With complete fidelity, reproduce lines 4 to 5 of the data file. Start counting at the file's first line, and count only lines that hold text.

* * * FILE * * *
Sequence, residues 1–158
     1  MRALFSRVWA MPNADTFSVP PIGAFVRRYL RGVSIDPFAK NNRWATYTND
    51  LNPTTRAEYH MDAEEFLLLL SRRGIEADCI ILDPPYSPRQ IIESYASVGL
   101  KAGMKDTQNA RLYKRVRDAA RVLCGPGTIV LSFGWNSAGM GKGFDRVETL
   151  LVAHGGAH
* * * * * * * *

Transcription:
   101  KAGMKDTQNA RLYKRVRDAA RVLCGPGTIV LSFGWNSAGM GKGFDRVETL
   151  LVAHGGAH